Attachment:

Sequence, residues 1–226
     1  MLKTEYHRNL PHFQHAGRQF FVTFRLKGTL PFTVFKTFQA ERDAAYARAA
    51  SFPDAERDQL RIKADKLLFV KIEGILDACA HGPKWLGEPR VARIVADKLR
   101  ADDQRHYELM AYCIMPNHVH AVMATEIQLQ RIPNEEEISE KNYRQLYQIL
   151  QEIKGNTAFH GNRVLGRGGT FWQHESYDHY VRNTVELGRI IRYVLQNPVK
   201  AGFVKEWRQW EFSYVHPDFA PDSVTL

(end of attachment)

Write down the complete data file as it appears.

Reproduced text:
Sequence, residues 1–226
     1  MLKTEYHRNL PHFQHAGRQF FVTFRLKGTL PFTVFKTFQA ERDAAYARAA
    51  SFPDAERDQL RIKADKLLFV KIEGILDACA HGPKWLGEPR VARIVADKLR
   101  ADDQRHYELM AYCIMPNHVH AVMATEIQLQ RIPNEEEISE KNYRQLYQIL
   151  QEIKGNTAFH GNRVLGRGGT FWQHESYDHY VRNTVELGRI IRYVLQNPVK
   201  AGFVKEWRQW EFSYVHPDFA PDSVTL